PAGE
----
The three favourite soil science books of:

Paul Hallett (UK)

Scottish Crop Research Institute, Invergowrie, Dundee

Two of my three favourite soil science books are well-thumbed textbooks found in my office (or usually sitting on the desks of colleagues). The other book is popular nonfiction that is not a soil science book per se but a very influential recent advocate of our discipline.

Mitchell, J.K., and K. Soga. 2005 Fundamentals of soil behavior 3rd ed John Wiley & Sons, Hoboken , NJ . ISBN 13: 978-0-471-46302-7

This is a gem of a textbook aimed at geotechnical engineers but arguably the most valuable reference available to anyone interested in the mechanical behaviour of soils. The first few chapters appreciate how the formation of soil underlies its complexity. Topics such as biological influence on soil behaviour, clay chemistry, organic matter and rheology are included. Soil mechanics theory is covered in depth, but unlike many other textbooks in this area, the concepts are accessible and easy to follow.

Marshall , T.J., Holmes, J.W. and Rose, C.W. 1996. Soil physics. (3rd Edition). Cambridge University Press, Cambridge . ISBN 0-52145-151-5

My second edition copy of this textbook is starting to fall apart after 18 years of constant use. It is concise, well written and a good reference for anyone with a basic knowledge of soil science that needs information on physical behaviour. Like all soil physics textbooks, soil-water relations are the central theme. However, topics such as soil structure, mechanical behaviour and physical conditions for plant growth are also included. Soil physics is a discipline blessed with many excellent textbooks, each with particular strengths. Marshall, Holmes and Rose is in my view the best all-rounder .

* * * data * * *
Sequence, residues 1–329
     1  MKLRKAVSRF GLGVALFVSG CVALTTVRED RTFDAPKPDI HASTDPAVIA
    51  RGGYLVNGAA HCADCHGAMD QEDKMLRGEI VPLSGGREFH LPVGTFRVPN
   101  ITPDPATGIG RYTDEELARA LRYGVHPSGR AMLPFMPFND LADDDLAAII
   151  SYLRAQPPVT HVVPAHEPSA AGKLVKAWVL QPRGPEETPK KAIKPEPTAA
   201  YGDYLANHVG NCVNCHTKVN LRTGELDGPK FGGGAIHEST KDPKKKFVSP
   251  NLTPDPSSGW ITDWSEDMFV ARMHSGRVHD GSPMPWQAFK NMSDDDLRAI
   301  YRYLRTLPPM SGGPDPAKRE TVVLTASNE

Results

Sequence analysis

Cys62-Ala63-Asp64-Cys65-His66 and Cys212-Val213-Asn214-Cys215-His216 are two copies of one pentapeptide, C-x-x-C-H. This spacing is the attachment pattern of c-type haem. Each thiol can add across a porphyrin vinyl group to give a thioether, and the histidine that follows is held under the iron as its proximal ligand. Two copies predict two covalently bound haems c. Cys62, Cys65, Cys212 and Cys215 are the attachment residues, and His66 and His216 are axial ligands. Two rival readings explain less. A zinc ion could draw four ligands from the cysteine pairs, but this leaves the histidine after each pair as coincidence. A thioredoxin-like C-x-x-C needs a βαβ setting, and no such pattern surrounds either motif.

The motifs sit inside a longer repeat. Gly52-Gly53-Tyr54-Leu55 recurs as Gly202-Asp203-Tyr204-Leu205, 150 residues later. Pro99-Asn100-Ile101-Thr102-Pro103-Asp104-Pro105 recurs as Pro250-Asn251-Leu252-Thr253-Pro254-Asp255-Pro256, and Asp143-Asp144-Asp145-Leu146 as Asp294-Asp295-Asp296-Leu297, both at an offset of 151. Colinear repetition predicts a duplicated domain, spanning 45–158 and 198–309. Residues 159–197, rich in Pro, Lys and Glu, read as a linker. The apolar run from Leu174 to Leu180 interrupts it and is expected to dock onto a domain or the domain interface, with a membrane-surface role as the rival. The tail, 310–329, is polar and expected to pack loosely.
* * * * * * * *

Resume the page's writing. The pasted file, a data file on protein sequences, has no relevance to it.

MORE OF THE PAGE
Wright, Ronald. 2004. A Short History of Progress. Anansi, Toronto . ISBN 0-88784-706-4.

Ronald Wright found a common theme to explain the downfall of past civilisations. From the fall of the first city, Uruk, to modern agriculture, he cites how the mismanagement of soil destroys resources, food and eventually life. Originally a Massey Lecture in Canada , this is an incredibly well researched and argued thesis. By advocating the importance of soil in the popular press, Wright has done a great favour for our discipline. This book was not intended to be a soil science book, but it helps overcome the old clich of soil being treated like dirt . Useful ammunition if you come across unenlightened individuals who find your profession bizarre, boring or unimportant.


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Page created: 22.02.2015 | Page updated: 22.02.2015

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